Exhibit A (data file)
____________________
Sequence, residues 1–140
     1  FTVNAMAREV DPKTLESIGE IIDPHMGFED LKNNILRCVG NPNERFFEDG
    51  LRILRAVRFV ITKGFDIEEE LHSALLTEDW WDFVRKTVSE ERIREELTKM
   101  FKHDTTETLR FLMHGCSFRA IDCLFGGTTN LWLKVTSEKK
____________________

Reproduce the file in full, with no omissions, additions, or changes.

Sequence, residues 1–140
     1  FTVNAMAREV DPKTLESIGE IIDPHMGFED LKNNILRCVG NPNERFFEDG
    51  LRILRAVRFV ITKGFDIEEE LHSALLTEDW WDFVRKTVSE ERIREELTKM
   101  FKHDTTETLR FLMHGCSFRA IDCLFGGTTN LWLKVTSEKK